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City of Philadelphia v. Baker

decided: January 22, 1975.

CITY OF PHILADELPHIA, COMMONWEALTH OF PENNSYLVANIA, PENNSYLVANIA PUBLIC UTILITY COMMISSION AND UNITED TRANSPORTATION UNION, STATE OF NEW JERSEY, DEPARTMENT OF TRANSPORTATION
v.
GEORGE P. BAKER, RICHARD C. BOND, JERVIS LANGDON, JR. AND WILLARD WIRTZ, TRUSTEES OF THE PROPERTY OF THE PENN CENTRAL TRANSPORTATION COMPANY, DEBTOR, AND NATIONAL RAILROAD PASSENGER CORPORATION CITY OF PHILADELPHIA, COMMONWEALTH OF PENNSYLVANIA, PENNSYLVANIA PUBLIC UTILITY COMMISSION, UNITED TRANSPORTATION UNION, AND STATE OF NEW JERSEY, APPELLANTS, COMMONWEALTH OF PENNSYLVANIA, CITY OF PHILADELPHIA, PENNSYLVANIA PUBLIC UTILITY COMMISSION AND UNITED TRANSPORTATION UNION, STATE OF NEW JERSEY DEPT. OF TRANSPORTATION V. GEORGE P. BAKER, RICHARD C. BOND, JERVIS LANGDON, JR. AND WILLARD WIRTZ, TRUSTEES OF THE PROPERTY OF THE PENN CENTRAL TRANSPORTATION COMPANY, DEBTOR, NATIONAL RAILROAD PASSENGER CORPORATION, AND UNITED STATES OF AMERICA COMMONWEALTH OF PENNSYLVANIA, CITY OF PHILADELPHIA, PENNSYLVANIA PUBLIC UTILITY COMMISSION, STATE OF NEW JERSEY, AND UNITED TRANSPORTATION UNION, APPELLANTS IN THE MATTER OF: PENN CENTRAL TRANSPORTATION COMPANY, DEBTOR, COMMONWEALTH OF PENNSYLVANIA, PENNSYLVANIA PUBLIC UTILITY COMMISSION, CITY OF PHILADELPHIA, UNITED TRANSPORTATION UNION, STATE OF NEW JERSEY, STATE OF NEW YORK AND T. W. PARKER, APPELLANTS



(D.C. Civil No. 71-1002) (D.C. Civil No. 71-2301) (D.C. No. B-70-347 In Bankruptcy) APPEAL FROM THE UNITED STATES DISTRICT COURT FOR THE EASTERN DISTRICT OF PENNSYLVANIA.

Adams, Gibbons and Weis, Circuit Judges.

Author: Gibbons

Opinion OF THE COURT

GIBBONS, Circuit Judge

These consolidated appeals are from three separate orders entered following the filing of the district court's opinion in In re Penn Central Transportation Co., 370 F. Supp. 22 (E.D. Pa. 1974). Appeal No. 74-1301 is from an order entered in district court civil action No. 71-1002 denying plaintiffs' motion to convene a three-judge district court, and granting defendants' motion to dismiss the complaint. Appeal No. 74-1302 is from an order entered in district court civil action No. 71-2301 also denying plaintiffs' motion to convene a three-judge district court and granting defendants' motion to dismiss the complaint. Appeal No. 74-1303 is from the entry of order No. 1447 in proceedings for the reorganization of Penn Central Transportation Co., which, as relevant to this appeal, dismissed applications to have the trustees in reorganization of Penn Central operate trains Nos. 600 through 617 (the 600 series), between Harrisburg and Philadelphia, Pennsylvania, and trains Nos. 200 through 298 (the 200 series) between Philadelphia, Pennsylvania and New York, New York.*fn1 The appellants are the City of Philadelphia, the Commonwealth of Pennsylvania, the Pennsylvania Public Utility Commission, and the United Transportation Union.*fn2 The appellees are the trustees in reorganization of Penn Central, the National Railroad Passenger Corporation, and the United States of America.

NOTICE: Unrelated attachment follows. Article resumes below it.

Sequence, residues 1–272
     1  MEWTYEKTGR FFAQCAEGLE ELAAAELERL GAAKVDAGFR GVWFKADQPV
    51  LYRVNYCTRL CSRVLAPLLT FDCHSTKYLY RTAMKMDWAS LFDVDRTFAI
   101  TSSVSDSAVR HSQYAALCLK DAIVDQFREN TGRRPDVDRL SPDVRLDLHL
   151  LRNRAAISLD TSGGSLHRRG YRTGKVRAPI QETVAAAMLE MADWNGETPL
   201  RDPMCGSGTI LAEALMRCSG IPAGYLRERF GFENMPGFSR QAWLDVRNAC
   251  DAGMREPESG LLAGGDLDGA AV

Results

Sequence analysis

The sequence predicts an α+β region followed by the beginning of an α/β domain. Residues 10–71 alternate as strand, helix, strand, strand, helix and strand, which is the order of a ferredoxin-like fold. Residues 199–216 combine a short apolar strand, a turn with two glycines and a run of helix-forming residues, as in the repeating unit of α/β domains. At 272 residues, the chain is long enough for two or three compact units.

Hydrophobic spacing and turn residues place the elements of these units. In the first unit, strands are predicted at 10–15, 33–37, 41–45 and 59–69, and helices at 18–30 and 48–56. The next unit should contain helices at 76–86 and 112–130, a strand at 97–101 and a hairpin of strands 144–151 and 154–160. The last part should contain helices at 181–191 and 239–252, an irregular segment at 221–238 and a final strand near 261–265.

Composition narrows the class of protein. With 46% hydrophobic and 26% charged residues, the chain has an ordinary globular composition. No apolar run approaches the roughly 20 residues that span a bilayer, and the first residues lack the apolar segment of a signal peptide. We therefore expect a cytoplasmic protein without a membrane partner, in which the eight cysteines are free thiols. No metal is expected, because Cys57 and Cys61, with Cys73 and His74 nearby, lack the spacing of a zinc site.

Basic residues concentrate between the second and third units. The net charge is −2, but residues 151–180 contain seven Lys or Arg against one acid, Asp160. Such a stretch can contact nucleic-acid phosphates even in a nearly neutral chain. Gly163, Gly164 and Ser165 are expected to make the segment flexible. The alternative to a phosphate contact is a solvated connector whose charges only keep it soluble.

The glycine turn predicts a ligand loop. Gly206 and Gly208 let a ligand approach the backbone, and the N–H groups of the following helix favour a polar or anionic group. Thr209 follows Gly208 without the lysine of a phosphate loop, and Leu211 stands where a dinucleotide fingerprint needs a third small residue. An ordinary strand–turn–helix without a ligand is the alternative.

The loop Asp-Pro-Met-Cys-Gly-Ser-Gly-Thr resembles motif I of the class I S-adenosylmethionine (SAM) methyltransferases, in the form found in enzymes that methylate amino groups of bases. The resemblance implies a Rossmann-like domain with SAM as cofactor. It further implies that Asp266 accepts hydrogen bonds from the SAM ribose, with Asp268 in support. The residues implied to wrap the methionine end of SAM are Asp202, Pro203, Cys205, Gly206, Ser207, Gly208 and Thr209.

The complex procedural history of this litigation can, for present purposes, begin with order No. 232 entered on April 16, 1971. By that order the reorganization court enjoined all persons, including the appellants, from instituting or maintaining any litigation affecting the continuance or discontinuance of passenger trains covered by the National Rail Passenger Service Act of 1970 (the Amtrak statute), 45 U.S.C. § 501 et seq., in any court other than the Eastern District of Pennsylvania.*fn3 Following the entry of this order the appellants filed district court civil action No. 71-1002 in the Eastern District of Pennsylvania seeking to enjoin termination of any service between Harrisburg and Philadelphia or between Philadelphia and New York. The complaint also specifically requested that the question of whether the 600 series trains and the 200 series trains were in intercity or commuter service within the meaning of § 102(5) of the Amtrak statute be referred, pursuant to 28 U.S.C. § 1336(b), to the Interstate Commerce Commission. The district court by order No. 238 approved the contract between the debtor and Amtrak and by order No. 244 dated April 30, 1971 acceded to appellants' request that the intercity or commuter status of the 200 and 600 series trains be referred to the Commission.*fn4 By order No. 245 the reorganization court directed that intercity rail service be discontinued, but that pending the I.C.C. determination the trustees resume the operation of the 200 and 600 series trains if they should be discontinued by Amtrak.